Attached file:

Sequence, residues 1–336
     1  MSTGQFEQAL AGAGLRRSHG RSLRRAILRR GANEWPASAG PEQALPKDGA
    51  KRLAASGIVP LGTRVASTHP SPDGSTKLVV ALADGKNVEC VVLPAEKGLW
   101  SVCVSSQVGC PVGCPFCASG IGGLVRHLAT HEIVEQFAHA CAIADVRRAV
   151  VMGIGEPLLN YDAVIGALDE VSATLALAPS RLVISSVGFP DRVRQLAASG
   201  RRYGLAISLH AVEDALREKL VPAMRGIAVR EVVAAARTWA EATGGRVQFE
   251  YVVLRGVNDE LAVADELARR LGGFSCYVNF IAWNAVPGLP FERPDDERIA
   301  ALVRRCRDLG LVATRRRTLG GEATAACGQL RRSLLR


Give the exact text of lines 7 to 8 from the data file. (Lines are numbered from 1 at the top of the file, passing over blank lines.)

   251  YVVLRGVNDE LAVADELARR LGGFSCYVNF IAWNAVPGLP FERPDDERIA
   301  ALVRRCRDLG LVATRRRTLG GEATAACGQL RRSLLR